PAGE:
Briagha is a community leader
Pilgrimage to Callinish
In 2006 the moon reached the limits of her cycle and the lunar standstill took place. This is a complex subject, so I am not going into it here, suffice to say that at the two summer full moons, on June 11th and July 13th, the moon would rise as far to the south of east as she ever gets, cross the southern sky at a very low altitude, and set as far south of west as she ever gets. This makes for quite a spectacle, especially at a place where this process impacts on the visible horizon in some way, and nowhere more than at the ancient stone circles of Callanish, on the Isle of Lewis. I first heard about this back in 1987, the last time it happened, when some friends of mine went up to Callanish to experience it all, and came back full of wonder. The moon appears to rise out of the belly of a local mountain called the Sleeping Beauty, which looks like the form of a woman lying on her back, and this is a mystical moment, as the Earth Goddess seems to give birth to her moon child.
Back then I decided that I wanted to go and see it for myself, and slowly but surely the years went round until there was only a few months to go! I wanted to make my journey a megalithic pilgrimage, visiting some of the ancient sites I had heard so much about and never visited, so out came the map of Ancient Britain, and I started to plot the route. A couple of friends that also wanted to go joined forces with me, and agreed that they too would appreciate the chance to take the journey slowly, and connect with sites along the way.
We decided to start at Arbor Low, which is said to be the exact geographical centre of England, and we got there in the afternoon of the 5th of June, on a perfect summers day, with a slight haze over the distant hills. The view from this site is exceptional, and from the banks of the outer henge you can see a complete horizon of 360 degrees! The site itself consists of an outer bank, called a henge, with 15 ft high banks and about 100 ft across. Inside this is a circle of stones, all of which are lying flat on the ground. Whether they started out upright and were pushed over, or were flat from the start, is very hard to tell, either way they have been down for a very long time now.
We stayed at this wonderful place for some time, and went over to the mound nearby too, which is the remains of a burial chamber with some stones around it. There seemed to be a number of interesting bumps and mounds on the horizon as we looked around, which could well have been markers for the rising and setting of the sun as it travels through the year, part of an early calendar system. It was very peaceful here, just some sheep and cows quietly munching away, and some lambs scampering around in the summer sunshine.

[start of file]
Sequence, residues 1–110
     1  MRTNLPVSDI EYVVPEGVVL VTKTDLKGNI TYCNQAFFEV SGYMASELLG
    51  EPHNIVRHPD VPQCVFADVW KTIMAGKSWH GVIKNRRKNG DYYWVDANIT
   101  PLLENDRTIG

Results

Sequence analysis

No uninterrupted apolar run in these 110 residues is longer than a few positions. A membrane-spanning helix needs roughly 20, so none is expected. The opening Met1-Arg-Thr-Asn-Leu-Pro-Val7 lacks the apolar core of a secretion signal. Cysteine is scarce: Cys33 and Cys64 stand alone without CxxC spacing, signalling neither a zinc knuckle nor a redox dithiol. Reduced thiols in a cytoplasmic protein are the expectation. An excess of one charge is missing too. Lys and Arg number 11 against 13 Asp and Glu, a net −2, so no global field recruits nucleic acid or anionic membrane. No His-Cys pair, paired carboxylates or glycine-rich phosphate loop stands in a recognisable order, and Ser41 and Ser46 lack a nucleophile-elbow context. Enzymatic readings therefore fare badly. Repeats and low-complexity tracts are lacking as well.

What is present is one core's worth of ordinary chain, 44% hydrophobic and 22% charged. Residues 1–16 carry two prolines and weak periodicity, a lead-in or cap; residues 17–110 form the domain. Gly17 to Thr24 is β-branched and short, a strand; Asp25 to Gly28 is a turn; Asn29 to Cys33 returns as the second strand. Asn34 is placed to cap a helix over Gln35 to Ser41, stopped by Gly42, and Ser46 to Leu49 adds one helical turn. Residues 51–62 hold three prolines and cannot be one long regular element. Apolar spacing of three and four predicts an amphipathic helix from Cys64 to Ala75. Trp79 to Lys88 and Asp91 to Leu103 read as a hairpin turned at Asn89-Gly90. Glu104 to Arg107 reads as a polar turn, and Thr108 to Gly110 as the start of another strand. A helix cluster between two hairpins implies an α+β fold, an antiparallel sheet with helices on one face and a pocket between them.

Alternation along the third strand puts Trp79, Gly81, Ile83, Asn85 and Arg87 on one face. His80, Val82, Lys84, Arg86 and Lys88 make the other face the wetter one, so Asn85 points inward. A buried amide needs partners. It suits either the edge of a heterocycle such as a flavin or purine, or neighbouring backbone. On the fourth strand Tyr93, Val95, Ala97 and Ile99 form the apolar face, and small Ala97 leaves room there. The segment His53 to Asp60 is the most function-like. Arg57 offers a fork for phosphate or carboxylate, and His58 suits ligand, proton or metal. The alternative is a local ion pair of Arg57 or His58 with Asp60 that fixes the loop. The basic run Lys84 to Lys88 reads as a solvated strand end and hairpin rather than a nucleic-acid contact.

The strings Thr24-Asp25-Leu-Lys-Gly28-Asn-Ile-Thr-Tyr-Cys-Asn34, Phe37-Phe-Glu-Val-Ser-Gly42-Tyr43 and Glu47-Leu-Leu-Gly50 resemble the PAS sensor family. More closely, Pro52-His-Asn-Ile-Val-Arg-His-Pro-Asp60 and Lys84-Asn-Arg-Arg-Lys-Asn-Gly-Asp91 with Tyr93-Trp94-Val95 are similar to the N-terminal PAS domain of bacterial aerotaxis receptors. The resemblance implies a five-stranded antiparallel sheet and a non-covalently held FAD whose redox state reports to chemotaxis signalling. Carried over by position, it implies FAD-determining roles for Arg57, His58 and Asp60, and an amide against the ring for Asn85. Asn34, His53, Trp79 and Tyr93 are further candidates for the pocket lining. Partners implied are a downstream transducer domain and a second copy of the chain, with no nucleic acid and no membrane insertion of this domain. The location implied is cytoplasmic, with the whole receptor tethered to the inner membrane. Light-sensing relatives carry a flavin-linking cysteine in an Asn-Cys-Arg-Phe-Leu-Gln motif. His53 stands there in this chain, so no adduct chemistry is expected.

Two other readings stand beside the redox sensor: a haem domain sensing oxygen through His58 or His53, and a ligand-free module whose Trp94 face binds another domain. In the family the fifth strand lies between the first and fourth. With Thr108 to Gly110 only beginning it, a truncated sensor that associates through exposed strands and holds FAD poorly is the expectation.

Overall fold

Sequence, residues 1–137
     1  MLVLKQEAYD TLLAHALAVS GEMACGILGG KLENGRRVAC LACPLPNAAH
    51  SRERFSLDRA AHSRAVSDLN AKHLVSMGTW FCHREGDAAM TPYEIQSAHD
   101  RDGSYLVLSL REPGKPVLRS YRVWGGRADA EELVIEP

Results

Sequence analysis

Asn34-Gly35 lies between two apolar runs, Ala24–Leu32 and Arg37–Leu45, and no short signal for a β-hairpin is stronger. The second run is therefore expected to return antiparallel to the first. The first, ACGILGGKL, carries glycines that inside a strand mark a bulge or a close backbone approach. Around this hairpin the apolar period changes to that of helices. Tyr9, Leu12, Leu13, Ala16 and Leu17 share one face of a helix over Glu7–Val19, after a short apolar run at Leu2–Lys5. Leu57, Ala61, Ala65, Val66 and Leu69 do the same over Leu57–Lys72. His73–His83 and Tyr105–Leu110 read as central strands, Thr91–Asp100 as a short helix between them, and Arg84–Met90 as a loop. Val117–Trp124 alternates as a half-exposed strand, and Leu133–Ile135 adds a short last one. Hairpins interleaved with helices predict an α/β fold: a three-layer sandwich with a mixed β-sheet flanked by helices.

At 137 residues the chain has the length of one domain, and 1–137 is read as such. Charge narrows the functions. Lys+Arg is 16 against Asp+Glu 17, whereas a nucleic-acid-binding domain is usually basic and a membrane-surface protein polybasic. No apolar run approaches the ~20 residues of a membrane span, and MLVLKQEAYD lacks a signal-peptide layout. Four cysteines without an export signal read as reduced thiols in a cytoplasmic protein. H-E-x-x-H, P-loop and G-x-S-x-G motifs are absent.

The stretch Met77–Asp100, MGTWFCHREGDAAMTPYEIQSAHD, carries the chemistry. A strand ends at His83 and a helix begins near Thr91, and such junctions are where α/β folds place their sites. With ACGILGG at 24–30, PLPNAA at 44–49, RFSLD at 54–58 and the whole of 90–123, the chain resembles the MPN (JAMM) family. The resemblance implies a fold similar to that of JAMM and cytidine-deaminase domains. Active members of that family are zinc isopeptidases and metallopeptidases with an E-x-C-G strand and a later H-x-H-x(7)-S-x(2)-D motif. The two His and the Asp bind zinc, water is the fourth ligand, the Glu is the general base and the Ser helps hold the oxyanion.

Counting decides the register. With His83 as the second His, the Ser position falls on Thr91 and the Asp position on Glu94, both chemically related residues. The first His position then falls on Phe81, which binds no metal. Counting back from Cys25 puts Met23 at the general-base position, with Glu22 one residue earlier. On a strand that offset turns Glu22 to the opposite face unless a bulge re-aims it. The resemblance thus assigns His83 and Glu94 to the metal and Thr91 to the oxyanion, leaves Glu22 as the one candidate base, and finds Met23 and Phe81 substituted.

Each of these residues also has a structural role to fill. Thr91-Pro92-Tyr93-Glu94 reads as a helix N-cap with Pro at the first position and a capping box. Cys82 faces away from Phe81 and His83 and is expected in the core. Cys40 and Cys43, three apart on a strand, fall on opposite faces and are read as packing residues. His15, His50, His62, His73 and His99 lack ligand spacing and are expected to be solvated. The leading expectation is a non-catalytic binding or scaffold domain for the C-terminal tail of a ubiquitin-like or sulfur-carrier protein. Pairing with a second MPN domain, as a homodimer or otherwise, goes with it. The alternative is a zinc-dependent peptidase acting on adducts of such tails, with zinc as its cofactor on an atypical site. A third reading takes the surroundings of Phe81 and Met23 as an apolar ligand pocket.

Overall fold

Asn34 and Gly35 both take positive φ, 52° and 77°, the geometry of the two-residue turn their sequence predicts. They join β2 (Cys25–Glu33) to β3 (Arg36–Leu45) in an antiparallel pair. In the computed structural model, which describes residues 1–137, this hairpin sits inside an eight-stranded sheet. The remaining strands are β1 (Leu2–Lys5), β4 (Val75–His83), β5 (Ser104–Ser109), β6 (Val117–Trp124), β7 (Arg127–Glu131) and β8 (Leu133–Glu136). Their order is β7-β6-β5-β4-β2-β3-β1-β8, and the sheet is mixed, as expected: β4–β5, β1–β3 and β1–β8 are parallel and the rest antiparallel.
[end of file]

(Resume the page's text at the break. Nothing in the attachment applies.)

After a pleasant night in a camping barn, we carried on our journey, daringly driving round Manchester on all the local roads rather than go back to the motorway, and were rewarded by the sight of a number of beautiful gypsy vardos, wooden caravans, parked up in several lay-bys, on their way to Appleby fair. It was good to see that these old ways are still strong up here, and obviously supported by the local people too. On we went, across the motorway and up into the lake district, where we stopped at Lake Windermere for a drink in a pub right by the lake,and had a paddle to cool ourselves down. From here it was not far to Castlerigg, one of the most beautifully placed stone circles in England, sitting in a bowl surrounded by the fells,on its own little hill.
This is a busy place, and while we were there a group of folk from English Heritage stood around discussing how best to protect the site from the 5,000 visitors every month! I am glad to say that they all felt it was important to keep it open and available to the public, and not just fence it off, though some felt that this might have to happen for a year or so in order for the ground to recover. You can see the erosion around the stones in the picture. At the moment they have planted a very tough grass there which is quite resistant to being walked on, but has effectively pushed out all the little herbs and flowers that should be here.
This picture shows how big the circle is, with Sue and Maryrose on the nearest stone, and the far side way off beyond the trees. You can also see the road through the middle. Though a number of the stones seemed to be pushed over, a lot are still standing, and this is one of the most impressive circles I have visited, for both size and atmosphere.#